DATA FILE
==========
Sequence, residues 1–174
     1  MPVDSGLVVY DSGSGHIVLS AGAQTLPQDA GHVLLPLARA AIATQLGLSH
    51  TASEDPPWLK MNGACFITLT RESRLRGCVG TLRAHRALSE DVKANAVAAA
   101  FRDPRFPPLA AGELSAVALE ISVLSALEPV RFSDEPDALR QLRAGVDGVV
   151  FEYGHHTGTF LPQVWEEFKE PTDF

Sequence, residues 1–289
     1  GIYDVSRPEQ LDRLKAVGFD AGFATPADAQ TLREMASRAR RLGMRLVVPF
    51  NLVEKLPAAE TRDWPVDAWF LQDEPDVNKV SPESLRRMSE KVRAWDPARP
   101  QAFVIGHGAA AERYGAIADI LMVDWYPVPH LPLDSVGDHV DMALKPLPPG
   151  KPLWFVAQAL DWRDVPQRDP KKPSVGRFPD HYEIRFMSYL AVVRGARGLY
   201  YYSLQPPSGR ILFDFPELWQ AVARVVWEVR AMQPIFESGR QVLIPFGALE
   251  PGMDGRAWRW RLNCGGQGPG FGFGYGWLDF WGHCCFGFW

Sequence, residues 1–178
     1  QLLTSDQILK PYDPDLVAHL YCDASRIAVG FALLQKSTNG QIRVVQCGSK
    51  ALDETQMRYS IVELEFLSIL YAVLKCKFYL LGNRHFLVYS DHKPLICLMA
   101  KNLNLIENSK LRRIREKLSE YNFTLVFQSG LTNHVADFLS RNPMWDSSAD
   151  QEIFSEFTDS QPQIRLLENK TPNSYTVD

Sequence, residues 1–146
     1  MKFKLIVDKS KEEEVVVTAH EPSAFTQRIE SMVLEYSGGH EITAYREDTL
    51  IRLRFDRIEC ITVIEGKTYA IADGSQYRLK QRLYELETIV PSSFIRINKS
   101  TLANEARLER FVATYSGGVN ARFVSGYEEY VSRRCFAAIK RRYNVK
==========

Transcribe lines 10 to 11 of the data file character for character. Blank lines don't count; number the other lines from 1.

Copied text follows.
   151  KPLWFVAQAL DWRDVPQRDP KKPSVGRFPD HYEIRFMSYL AVVRGARGLY
   201  YYSLQPPSGR ILFDFPELWQ AVARVVWEVR AMQPIFESGR QVLIPFGALE